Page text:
And there was wailing and gnashing of teeth.

I told him if I was asking in sincerity that would mean I believed already so it would be impossible to come to believe by believing already. However, the online anonymous Christian did not accept my logic. Then, he reminded me about the eternal torture that awaited me and said he would pray for me since I was obviously spiritually handicapped.

Nice guy. Snake oil manners.

Unfortunately, I had outgrown the habit of arming myself and threatening people. So, I started a blog. Much more responsible on my part, I figure.

But if you don’t keep reading it, I may regress. And we don’t want that.

So, I started “Mr. Smothers’ Blog of the Diabolically Disheveled Disease.”

Thank you for your patronage. Stage 2 is coming soon. And you’re all invited.

Bring a weapon.

An Interview with Sam Vaknin, Author of Malignant Self-Love: Narcissism Revisited

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I recently became entranced with the subject of narcissism and what role it plays in how we relate to ourselves, others, and society at large.  And vice versa…To my delight, author Sam Vaknin agreed to answer some questions on this fascinating subject which I am just beginning to familiarize myself with.Vaknin is also the editor-in-chief of Global Politician, is often called upon as an expert in narcissism by the media, and runs a website about narcissism.sv (Sam Vaknin)


Q. Why would the average person need to know about narcissism?
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SV: The concept of narcissism has a great explanatory value. It is a potent organizing principle. It helps to explain the behavior patterns of both individuals and collectives. Healthy narcissism is at the core of the Self and malignant, pathological narcissism manifests itself in literally all known abusive, dangerous, and reckless behaviors: family violence, murder, genocide, addictions, corporate malfeasance, sexual abuse and paraphilias, incest, and more.
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Q. How likely is it the average person has a  narcissist in their life?
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SV: Strictly defined, a “narcissist” is someone who has been diagnosed with Narcissistic Personality Disorder (NPD). Less than 1% of the general population are diagnosed narcissists, so your chances to come across one are 1:100. But, as Theodore Millon observed correctly, there are many more people with narcissistic traits, a narcissistic style, or a narcissistic personality who would not be diagnosed with NPD, but are still as deleterious and detrimental to their human environment as the “full-fledged” variety.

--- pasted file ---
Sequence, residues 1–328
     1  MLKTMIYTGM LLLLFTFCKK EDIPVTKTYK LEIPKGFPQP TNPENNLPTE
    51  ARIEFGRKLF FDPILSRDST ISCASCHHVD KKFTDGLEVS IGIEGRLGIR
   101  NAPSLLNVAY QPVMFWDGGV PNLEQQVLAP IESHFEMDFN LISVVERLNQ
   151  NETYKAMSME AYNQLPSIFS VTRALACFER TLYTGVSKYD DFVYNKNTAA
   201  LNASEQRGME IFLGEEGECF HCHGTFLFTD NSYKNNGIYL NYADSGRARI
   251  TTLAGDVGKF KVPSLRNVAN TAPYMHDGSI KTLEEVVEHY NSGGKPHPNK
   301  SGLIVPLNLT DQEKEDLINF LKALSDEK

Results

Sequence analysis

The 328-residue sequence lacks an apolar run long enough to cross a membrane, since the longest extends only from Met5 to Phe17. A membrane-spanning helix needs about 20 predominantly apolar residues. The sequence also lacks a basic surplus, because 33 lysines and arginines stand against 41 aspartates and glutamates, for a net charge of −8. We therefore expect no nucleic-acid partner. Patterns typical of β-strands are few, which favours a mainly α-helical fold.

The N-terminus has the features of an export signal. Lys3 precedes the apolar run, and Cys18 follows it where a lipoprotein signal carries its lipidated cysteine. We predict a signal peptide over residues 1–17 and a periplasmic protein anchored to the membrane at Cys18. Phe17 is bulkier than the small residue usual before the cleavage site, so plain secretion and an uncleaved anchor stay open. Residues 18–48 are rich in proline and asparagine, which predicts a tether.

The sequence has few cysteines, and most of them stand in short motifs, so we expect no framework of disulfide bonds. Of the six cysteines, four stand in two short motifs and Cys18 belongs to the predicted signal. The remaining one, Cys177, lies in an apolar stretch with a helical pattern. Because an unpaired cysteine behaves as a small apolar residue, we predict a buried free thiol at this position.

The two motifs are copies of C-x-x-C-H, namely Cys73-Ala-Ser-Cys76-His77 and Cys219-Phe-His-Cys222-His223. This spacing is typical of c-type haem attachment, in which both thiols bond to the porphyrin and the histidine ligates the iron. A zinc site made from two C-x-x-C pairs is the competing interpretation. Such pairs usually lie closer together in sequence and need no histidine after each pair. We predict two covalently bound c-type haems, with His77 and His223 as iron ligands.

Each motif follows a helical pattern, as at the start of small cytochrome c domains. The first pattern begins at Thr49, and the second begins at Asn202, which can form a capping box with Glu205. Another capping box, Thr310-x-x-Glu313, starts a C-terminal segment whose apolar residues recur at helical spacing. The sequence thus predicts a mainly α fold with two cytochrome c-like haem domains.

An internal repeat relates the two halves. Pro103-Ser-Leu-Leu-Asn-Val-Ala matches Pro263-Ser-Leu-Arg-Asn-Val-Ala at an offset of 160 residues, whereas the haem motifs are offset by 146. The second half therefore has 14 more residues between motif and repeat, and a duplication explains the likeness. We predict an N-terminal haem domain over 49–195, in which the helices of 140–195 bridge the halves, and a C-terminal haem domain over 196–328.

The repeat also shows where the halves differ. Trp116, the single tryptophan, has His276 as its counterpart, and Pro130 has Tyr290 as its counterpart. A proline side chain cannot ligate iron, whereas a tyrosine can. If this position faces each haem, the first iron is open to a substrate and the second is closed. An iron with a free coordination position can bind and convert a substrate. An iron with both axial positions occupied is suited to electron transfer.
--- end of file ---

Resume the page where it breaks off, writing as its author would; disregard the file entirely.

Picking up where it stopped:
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Q. How can one manage and improve their own narcissistic tendencies?
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SV: All of us have narcissistic traits, behaviors, and thoughts (cognitions). But these are tempered by empathy, fear of punishment, our conscience (known in psychoanalysis as “superego”), and social mores and conventions. One cannot manage or improve one’s healthy narcissism – nor is it desirable. One only needs to listen to one’s inner voice, be self-aware, self-critical, listen to input and feedback, and be guided by one’s empathy to be a productive and accepted member of the community. Pronounced antisocial conduct, however. requires professional help and a regime of therapy, sometimes with medication to enhance impulse control.
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Q. What is the prognosis for a narcissist who undergoes treatment?
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SV: The prognosis is hopeless for someone diagnosed with NPD. Narcissistic Personality Disorder cannot be cured, but certain antisocial and self-destructive or self-defeating behaviors can be modified using cognitive-behavioral therapies. Narcissists attend therapy only as a last resort and only in order to restore their access to narcissistic supply. Narcissists hold the therapist in contempt and seek to establish their grandiose superiority and entitlement by playing mind games and by undermining the therapeutic alliance.
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Q. In 1984, the State, in the guise of Big Brother, appears to me to be a sort of collective narcissist.  Do you think that a society can have narcissistic traits and do you see any evidence of this in the United States and elsewhere?
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SV: In their book “Personality Disorders in Modern Life”, Theodore Millon and Roger Davis state, as a matter of fact, that pathological narcissism was the preserve of “the royal and the wealthy” and that it “seems to have gained prominence only in the late twentieth century”. Narcissism, according to them, may be associated with “higher levels of Maslow’s hierarchy of needs … Individuals in less advantaged nations .. are too busy trying (to survive) … to be arrogant and grandiose”.